One by one, Jack Herzing sent them down. Between the left-hander’s strong fastball and biting curveball, Penn State Altoona hitters found themselves helpless at the plate.
When the April 6th game had finished, the Penn State Behrend pitcher had struck out 16 batters, tying the school record set in 2001 by Troy Williams.
His source of motivation that day came from an unexpected place — fear.
“In the back of my head, there was just this fear of getting rocked. It’s happened to me before, and it’s a very bad feeling when you’re up there getting hit around, and I was really motivated to get out there and help our team win,” Herzing said.
The Lions did win the game, defeating Penn State Altoona 4-1 in the AMCC contest. Herzing’s strong performance earned him recognition as Louisville Slugger National Player of the Week, but it was just a snapshot of what’s become a breakout sophomore season for the St. Marys native.
Overall, Herzing is 7-1 with a 2.82 ERA in 44 1/3 innings of work and leads the team with 58 strikeouts while averaging 11.69 strikeouts per game. His success has given a huge boost to the Lions, which own a 23-10-1 record and begin play in the AMCC Championship Tournament on Friday.
But the seeds to Herzing’s 2015 breakout had been planted at the end of last year.
While he showed glimpses of his talent during his first year as a collegiate player, Herzing says he felt a need for improvement.
“After my freshman season, I really wasn’t pleased with how I performed,” the project and supply chain management major says. “The day after I came home (from college), I started a new lifting routine to get myself ready for the next season.”
The extra time in the gym has paid dividends for Herzing, who is penciled in to start the Lions’ first game of the AMCC Championship Tournament against Mount Aloysius.
“Herz has been big time for us this spring,” says Behrend head coach Paul Benim. “Our assistant coach Jay Condit has done a tremendous job of helping Herz evolve, simplifying his process. Herz has really focused, stepped up and elevated his performance, especially after the team lost three senior pitchers from last year’s ECAC Championship team.”
Perhaps no one is more familiar with Herzing’s mentality on the mound than teammate Brian Bohman, who has caught every one of his games this season. As a catcher, Bohman is often charged with keeping Herzing calm, even when things turn sour.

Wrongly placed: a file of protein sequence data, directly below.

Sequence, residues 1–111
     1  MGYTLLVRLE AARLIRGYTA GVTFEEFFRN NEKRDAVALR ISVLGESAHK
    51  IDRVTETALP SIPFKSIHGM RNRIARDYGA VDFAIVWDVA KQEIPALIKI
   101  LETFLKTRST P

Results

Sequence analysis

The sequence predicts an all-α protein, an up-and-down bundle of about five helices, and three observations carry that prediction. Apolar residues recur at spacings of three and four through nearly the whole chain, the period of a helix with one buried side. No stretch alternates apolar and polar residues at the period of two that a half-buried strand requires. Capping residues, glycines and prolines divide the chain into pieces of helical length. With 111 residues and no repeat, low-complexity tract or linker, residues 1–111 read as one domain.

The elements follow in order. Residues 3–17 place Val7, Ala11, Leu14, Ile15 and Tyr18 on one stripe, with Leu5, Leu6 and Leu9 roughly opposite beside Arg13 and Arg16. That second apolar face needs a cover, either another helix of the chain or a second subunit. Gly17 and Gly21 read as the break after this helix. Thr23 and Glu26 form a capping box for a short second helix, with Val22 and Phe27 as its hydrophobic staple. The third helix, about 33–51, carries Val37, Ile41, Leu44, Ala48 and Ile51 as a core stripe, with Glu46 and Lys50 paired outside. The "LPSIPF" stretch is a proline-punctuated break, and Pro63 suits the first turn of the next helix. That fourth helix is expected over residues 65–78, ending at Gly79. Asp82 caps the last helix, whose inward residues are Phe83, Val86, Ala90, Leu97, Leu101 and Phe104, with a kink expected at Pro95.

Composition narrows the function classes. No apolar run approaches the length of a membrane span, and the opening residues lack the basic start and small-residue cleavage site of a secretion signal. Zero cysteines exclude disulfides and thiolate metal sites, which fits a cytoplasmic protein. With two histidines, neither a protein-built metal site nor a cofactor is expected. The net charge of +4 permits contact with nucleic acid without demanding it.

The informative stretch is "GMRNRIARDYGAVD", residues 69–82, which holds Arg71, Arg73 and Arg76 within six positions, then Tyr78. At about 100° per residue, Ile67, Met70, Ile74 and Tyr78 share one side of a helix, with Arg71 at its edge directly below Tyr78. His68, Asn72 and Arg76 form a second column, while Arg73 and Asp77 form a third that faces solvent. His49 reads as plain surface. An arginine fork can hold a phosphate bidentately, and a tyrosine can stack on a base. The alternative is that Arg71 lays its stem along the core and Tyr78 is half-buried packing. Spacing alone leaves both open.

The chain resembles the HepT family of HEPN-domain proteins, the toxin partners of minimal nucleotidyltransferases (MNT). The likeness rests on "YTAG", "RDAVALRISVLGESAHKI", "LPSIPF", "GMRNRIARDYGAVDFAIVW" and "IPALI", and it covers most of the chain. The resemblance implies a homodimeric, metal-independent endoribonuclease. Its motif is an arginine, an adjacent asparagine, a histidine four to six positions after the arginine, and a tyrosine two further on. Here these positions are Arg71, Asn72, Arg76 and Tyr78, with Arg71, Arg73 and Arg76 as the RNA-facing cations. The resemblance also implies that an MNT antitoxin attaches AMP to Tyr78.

“Jack is that bulldog out there,” Bohman, a sophomore history major, says. “He wants to go 110 miles all the time, but sometimes you have to slow him down, say a little joke and get on with it. We work really well together.”
Herzing credits Bohman with much of his success.
“They say it’s 50-50 catchers and pitchers, but it’s really 60-40 catchers, if not more,” he says. “Bohman has been so great this year. He studies the batters. He knows where we should throw it, and I just throw it where he wants me to. He deserves most of the credit.”
While he’s clearly very serious with regard to baseball, there is another side to Herzing, and Hunter Hux will attest to that. As the only left-handed pitchers on the team, Herzing and Hux immediately developed a bond, but it goes beyond baseball.
“We’re the two goofiest kids on the team. We’re always laughing and cracking jokes,” Hux says. “We saw this one story online called ‘17 Reasons That You and Your Best Friend Are Joey and Chandler,’ and we started crying laughing afterwards because it described us perfectly.”
Hux is one of Herzing’s greatest supporters, and he has high hopes for his friend’s future. Last year, former Behrend pitcher Chad Zurat signed a professional contract with the Colorado Rockies organization.
That leaves big shoes for any Behrend pitcher to fill, but Hux says Herzing could be the guy to do it.
“If anyone on this team has the potential to do that, it’s Jack,” Hux says. “If he just develops a third pitch, there is no ceiling for him. And if Jack decides he wants to do it, I think he will.”